It is not enough to establish fraud on the part of a corporation that one corporate officer makes a false statement that another officer knows to be false. A defendant corporation is deemed to have the requisite scienter for fraud only if the individual corporate officer making the statement has the requisite level of scienter, i.e., knows that the statement is false, or is at least deliberately reckless as to its falsity, at the time that he or she makes the statement.

The Ninth Circuit affirmed the Northern District's dismissal of claims against Jobs and Apple, holding in regard to Apple: "A corporation is deemed to have the requisite scienter for fraud only if the individual corporate officer making the statement has the requisite level of scienter at the time that he or she makes the statement."[6]

Courts have also employed strong-form corporate scienter at the summary judgment stage to extinguish claims against corporate defendants. In Tyson Foods, the plaintiffs asserted claims based on alleged misrepresentations in a press release regarding Tyson's termination of its plans to merge with another entity.[7] The trial court granted summary judgment in favor of the individual defendants and Tyson, stating:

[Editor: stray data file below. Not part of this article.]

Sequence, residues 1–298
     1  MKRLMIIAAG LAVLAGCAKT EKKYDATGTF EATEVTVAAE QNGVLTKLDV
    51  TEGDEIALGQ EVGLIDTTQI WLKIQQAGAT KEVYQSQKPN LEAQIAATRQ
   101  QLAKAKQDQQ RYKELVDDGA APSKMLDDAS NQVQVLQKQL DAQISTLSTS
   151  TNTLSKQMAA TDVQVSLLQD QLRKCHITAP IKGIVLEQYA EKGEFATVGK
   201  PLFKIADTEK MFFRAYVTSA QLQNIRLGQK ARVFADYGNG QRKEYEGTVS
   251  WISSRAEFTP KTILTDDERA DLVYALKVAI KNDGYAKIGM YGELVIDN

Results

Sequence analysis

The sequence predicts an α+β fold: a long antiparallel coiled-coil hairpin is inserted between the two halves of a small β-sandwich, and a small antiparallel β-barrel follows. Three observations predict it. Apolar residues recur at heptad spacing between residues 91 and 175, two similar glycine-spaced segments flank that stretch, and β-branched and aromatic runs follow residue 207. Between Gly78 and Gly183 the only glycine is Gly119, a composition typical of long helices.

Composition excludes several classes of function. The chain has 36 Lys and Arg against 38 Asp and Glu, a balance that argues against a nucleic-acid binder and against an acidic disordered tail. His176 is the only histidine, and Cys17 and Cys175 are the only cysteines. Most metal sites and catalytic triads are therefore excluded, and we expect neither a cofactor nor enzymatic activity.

For a corporation to have primary liability under § 10(b) and Rule 10b-5, scienter must be present with respect to at least one of the officers or agents who made a false or misleading statement. Having concluded that each of the individual defendants is entitled to summary judgment under § 10(b) and Rule 10b-5, as a matter of law, Tyson Foods can not be primarily liable and is entitled to summary judgment.

The Third Circuit affirmed this decision: "Having concluded that there is no primary liability on the part of any of the individual officers, the District Court properly held that Tyson Foods could not itself be primarily liable under the facts of this case."[8]

At first glance, public policy appears to support the theory of strong-form scienter, because its use curbs abusive litigation. Congress enacted the Private Securities Litigation Reform Act to check perceived abuses of private § 10(b) securities litigation, including "nuisance filings, targeting of deep-pocket defendants, vexatious discovery requests and manipulation by class action lawyers."[9] Limiting private securities fraud actions to only those instances where plaintiffs can show that an agent who made a misrepresentation on behalf of a company possessed scienter would help to ensure that only the strongest claims are brought.

Unfortunately, while furthering the goal of preventing strike suits, the strong-form theory also allows malfeasant corporations to skirt securities laws by simply compartmentalizing information, i.e., by separating the "mouth" of the operation from the "brain." Under this approach, a company wishing to commit fraud could escape liability by shielding agents who speak on its behalf from knowledge of facts contradicting their public statements. Such tactics could result in a company clearly and intentionally misleading its investors, yet allowing the investors no legal recourse because they are unable to tie evidence of scienter to a specific agent who made a misstatement on its behalf.